Practitioners across health justice partnerships talked about their experience of embedding legal help within healthcare teams and settings to identify and respond to people at risk of or experiencing elder abuse. For social workers, this approach extended the multidisciplinary healthcare model, providing a lawyer ‘as part of our toolkit’.

Health justice lawyer and manager of Seniors Law at Justice Connect, Faith Hawthorne talked about her aspiration to reframe the role lawyers play in keeping people out of court by providing legal help early, to prevent disputes about property, assets or care decisions between older clients and their adult children.

Mary Anne Geronimo from the Federation of Ethnic Communities Councils in Australia spoke about the critical importance of culturally diverse and aware services and the opportunity for mainstream organisations to collaborate with diverse communities to this end.

Alison Verhoeven from the Australian Healthcare and Hospitals Association highlighted the role that workforce plays, and made a strong plea for a nuanced conversation that moved beyond number of staff to the quality and capabilities of staff according to client need.

Janet Anderson, Australian Aged Care Quality and Safety Commissioner reflected on the significant shift in aged care, where quality standards now put the consumer at the front of the picture. This standard requires collaboration with consumers for design and delivery of care for each individual – a big change from past practice. As Janet highlighted, ‘if it’s not working for the consumer, it’s not working.’

The Hon Kay Patterson, Age Discrimination Commissioner discussed a range of innovations at a local level that are supporting the needs of older people, from mediation where elder abuse has been identified within families; to community policing that taps the insights and expertise of experienced officers with strong local relationships; to networks within communities that connect a range of services to ensure problems can be identified and addressed immediately in the interests of local communities.

Robert Tickner from the ‘Every Age Counts’ campaign reflected on the importance of bringing health and justice together and the critical role of the health system in addressing systemic discrimination through ageism. This reflected comments by the symposium’s keynote speaker, Assistant Professor Liz Tobin Tyler, who noted that, as an educator, she sees a lack of people moving into a workforce that’s focused on older adults’ needs. She attributed some of this to ageism and called for teaching the next generation to think about these issues; as well as supporting problem-solving across disciplines, which requires a different kind of training than they tend to receive.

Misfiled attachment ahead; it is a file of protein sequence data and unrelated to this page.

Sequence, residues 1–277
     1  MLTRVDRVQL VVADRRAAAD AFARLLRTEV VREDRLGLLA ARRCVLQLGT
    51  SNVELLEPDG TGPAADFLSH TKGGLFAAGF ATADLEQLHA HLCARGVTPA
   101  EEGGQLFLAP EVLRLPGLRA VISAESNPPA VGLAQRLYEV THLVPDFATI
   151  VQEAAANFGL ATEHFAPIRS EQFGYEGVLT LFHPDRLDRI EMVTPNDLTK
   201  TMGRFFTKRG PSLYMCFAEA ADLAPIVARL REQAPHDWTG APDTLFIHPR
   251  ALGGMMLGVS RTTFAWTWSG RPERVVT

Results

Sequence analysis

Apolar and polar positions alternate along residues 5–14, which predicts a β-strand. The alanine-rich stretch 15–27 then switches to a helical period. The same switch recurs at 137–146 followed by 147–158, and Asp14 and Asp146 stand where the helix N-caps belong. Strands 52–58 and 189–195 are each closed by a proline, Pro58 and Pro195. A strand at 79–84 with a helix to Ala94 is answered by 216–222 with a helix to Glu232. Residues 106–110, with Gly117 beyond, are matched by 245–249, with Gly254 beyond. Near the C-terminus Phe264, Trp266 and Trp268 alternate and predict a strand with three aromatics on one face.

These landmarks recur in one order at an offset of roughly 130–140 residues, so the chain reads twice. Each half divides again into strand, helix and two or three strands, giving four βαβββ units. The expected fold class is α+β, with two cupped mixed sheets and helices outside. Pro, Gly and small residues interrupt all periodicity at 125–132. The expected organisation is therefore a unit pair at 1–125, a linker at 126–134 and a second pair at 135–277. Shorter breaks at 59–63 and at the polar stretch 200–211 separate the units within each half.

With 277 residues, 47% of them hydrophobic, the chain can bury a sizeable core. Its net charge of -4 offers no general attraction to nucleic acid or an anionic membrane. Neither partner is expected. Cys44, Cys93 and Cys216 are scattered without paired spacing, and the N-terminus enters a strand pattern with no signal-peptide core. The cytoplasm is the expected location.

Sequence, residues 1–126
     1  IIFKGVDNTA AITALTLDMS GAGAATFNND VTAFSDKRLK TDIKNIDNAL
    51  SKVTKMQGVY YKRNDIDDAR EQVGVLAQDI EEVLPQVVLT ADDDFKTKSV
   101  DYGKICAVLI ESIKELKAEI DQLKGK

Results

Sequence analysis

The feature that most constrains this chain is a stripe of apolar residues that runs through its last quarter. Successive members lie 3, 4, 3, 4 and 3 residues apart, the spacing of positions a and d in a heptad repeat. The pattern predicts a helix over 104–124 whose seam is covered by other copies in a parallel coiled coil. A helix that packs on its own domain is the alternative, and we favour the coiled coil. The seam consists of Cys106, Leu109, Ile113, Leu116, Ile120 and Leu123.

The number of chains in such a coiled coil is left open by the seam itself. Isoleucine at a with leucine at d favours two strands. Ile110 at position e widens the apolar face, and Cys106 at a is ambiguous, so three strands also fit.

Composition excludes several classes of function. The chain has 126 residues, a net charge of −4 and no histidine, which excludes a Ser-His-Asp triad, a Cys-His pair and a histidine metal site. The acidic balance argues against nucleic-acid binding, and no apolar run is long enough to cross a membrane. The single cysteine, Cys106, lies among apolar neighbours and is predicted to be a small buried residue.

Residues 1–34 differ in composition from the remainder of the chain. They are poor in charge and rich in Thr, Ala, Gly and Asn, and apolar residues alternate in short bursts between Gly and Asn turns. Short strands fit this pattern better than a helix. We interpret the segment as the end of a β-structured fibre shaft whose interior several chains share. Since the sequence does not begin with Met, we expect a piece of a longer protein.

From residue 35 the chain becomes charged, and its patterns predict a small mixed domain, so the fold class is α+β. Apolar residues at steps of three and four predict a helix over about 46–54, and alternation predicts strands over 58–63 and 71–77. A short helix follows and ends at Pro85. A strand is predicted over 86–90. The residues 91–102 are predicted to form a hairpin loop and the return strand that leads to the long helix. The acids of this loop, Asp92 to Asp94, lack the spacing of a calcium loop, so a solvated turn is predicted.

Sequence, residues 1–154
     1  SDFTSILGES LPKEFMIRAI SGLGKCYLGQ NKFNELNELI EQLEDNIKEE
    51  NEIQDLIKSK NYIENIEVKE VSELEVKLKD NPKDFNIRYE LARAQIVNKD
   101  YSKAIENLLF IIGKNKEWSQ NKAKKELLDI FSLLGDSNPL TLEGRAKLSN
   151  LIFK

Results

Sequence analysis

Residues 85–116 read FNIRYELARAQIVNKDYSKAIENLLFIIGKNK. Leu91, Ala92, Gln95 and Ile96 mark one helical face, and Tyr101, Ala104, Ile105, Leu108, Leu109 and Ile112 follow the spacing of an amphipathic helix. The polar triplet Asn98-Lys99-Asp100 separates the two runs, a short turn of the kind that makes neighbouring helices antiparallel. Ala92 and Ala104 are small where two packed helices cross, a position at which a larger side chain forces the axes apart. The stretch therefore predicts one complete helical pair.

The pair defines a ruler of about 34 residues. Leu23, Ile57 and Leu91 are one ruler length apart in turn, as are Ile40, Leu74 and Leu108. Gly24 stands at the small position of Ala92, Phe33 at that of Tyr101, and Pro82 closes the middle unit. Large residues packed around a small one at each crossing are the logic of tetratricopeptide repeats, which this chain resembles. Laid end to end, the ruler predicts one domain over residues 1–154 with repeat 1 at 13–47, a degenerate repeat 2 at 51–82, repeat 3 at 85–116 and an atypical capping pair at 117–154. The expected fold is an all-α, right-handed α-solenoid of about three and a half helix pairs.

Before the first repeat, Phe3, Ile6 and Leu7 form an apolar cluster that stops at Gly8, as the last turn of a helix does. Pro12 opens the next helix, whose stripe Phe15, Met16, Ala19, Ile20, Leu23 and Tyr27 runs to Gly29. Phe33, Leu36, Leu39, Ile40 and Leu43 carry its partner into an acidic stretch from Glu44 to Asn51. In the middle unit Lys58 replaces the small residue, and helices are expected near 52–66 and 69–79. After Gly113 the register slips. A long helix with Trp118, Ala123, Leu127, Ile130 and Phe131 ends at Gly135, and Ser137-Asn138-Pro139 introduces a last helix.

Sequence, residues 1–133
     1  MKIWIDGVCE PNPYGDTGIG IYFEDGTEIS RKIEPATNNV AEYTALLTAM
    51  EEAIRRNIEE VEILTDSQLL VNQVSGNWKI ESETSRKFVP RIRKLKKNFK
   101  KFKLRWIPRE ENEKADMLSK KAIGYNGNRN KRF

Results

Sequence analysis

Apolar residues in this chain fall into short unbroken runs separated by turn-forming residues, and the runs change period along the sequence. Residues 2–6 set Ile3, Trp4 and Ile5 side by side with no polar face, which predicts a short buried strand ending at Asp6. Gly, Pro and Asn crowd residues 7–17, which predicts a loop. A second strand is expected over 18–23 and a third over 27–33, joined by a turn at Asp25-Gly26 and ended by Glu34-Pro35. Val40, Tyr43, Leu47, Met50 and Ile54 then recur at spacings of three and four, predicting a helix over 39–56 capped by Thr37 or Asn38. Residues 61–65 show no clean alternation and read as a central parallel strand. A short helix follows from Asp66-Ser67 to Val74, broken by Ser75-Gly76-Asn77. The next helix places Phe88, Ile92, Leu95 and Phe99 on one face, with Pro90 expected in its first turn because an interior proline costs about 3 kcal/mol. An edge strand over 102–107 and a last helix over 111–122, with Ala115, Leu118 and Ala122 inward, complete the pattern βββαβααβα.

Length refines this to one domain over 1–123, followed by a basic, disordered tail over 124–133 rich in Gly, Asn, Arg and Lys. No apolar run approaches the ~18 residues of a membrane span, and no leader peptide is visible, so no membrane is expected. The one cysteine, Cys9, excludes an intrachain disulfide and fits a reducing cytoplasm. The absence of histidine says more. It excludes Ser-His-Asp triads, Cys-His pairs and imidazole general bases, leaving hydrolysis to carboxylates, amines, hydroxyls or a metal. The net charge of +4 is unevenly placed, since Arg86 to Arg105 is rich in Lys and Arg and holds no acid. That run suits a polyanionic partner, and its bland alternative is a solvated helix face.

The symposium identified many barriers to effective support for older people with intersecting needs. Many of these are not new problems; communities and community organisations are already working to address them, but there is great opportunity to collaborate around these approaches. How do we share our knowledge and the lessons from what has worked – and what hasn’t? How do we build relationships across and between services, communities, sectors, researchers, practitioners and policy-makers, to better support older people? What else are you doing and where else are you collaborating to address the systemic barriers to health and justice in ageing?

Key opportunities to continue this conversation include the National Elder Abuse Conference (22-23 July) 2019 and Health Justice 2019. Beyond that, let’s continue to use the networks that connect us all, to support ageing with health, justice and dignity.

Related content

This report discusses whether and how health justice partnerships achieve financial wellbeing outcomes for their clients, how they work with financial counsellors and the opportunities and constraints of addressing financial wellbeing.

Report